Property remains a solid gold investment in the UK, as demand outstrips supply, but in the rental sector the government policy of allowing tenants to forget about paying rent since March 2020 is now coming home to roost. Maybe the plan was to persuade small BTL landlords to exit the market so the big Housing Trusts and landowners can move in all along?
Here’s the news;
Nearly a million landlords plan to review their buy-to-let portfolios over the next two years with the number planning to sell outnumbering those planning to buy more properties, new research from the Nottingham Building Society suggests.
Its study found nearly two out of five landlords (36%) surveyed will be reviewing their portfolios – the equivalent nationally of around one million landlords – with 20% selling all or some of their portfolio, whilst 16% aim to buy more properties over the next two years. Regulatory issues are the biggest reason for landlords wanting to sell with more than half of would-be sellers interviewed (52%) blaming increasing regulation in the sector while 24% say the end of tax relief on buy-to-let mortgages is driving them to sell.
The ability to earn a good income from buy-to-let is the main reason for landlords adding properties to their portfolios. Some 83% of those landlords interviewed who plan to buy more properties said this is a key reason for doing so, while 57% believe rising property prices make buy-to-lets a good investment. Around 61% say low interest rates for savings mean property is a better investment.
Tax changes in the buy-to-let sector have been one of the main factors making buy-to-let less attractive for some, including the scrapping of tax relief on mortgage expenses – previously landlords could offset mortgage costs against rental income – and restrictions on Private Residence Relief which reduced the Capital Gains Tax due on homes which people rented out after living in them.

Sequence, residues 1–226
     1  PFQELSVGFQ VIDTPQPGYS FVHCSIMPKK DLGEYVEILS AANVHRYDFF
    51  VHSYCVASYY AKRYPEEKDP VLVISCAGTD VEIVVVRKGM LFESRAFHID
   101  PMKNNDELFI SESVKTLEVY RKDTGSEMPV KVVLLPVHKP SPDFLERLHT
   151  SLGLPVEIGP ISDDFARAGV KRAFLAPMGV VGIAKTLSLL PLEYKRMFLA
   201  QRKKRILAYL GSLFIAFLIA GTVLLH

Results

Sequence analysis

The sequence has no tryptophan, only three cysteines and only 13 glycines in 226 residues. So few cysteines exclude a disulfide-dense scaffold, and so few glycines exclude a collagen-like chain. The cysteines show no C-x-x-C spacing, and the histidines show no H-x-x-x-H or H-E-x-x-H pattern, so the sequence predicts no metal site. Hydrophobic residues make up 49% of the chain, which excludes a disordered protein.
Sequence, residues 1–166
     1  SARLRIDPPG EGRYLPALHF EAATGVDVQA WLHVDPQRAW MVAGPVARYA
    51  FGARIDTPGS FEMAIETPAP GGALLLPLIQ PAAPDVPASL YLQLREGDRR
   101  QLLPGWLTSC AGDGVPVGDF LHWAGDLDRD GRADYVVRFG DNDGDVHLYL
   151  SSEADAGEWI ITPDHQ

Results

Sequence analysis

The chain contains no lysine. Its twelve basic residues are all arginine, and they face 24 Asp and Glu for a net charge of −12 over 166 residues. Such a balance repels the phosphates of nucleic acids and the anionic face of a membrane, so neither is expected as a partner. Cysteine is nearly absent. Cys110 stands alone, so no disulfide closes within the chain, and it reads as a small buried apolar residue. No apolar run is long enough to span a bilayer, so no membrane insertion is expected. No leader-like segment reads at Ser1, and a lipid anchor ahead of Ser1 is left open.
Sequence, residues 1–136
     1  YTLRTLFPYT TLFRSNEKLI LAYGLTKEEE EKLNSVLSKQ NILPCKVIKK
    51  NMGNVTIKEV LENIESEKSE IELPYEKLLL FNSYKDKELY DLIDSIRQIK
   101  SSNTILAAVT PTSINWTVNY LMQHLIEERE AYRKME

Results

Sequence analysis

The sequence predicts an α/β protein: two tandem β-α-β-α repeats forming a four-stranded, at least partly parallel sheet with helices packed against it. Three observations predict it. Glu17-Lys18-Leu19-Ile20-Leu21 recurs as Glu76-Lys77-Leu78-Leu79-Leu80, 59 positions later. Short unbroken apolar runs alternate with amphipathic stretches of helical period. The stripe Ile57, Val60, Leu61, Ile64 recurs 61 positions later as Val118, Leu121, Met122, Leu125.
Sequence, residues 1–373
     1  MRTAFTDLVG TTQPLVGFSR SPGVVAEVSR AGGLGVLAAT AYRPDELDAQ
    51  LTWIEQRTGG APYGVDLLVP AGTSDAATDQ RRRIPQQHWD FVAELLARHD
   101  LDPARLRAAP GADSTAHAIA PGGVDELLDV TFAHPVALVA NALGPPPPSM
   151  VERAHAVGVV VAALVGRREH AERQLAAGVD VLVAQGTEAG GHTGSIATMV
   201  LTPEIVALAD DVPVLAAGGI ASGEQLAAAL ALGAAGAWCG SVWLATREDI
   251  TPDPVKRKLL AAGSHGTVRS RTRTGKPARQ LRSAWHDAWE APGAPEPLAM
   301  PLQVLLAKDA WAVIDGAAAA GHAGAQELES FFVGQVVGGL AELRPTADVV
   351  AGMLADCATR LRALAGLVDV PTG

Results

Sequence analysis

But the research from The Nottingham shows millions who have never been landlords plan to buy a property over the next five years. Some 11% of people surveyed with mortgages on their homes or who own them outright are thinking of becoming landlords in the next five years. Their main reason for potentially investing in buy-to-lets is the low rates available on cash savings – more than half (55%) say they want to put their cash into property to earn a better return while 48% see buy-to-let as a good way to diversify their investments and 42% are confident buy-to-let will generate a good income.
Denise Wells, Head of Mortgage Operations at The Nottingham, said: “Our research suggests sellers currently outnumber buyers in the buy-to-let market with regulatory issues and tax changes among the reasons persuading landlords to pull out of the market.
“However, it remains the case that there are potentially strong returns to be earned in the buy-to-let market and we continue to see landlords buying rental properties whilst our research indicates that many more potential landlords are considering going into the market too.
“Whether landlords are buying or selling it is crucial they get the best possible advice on their finances and source the most competitive mortgages.”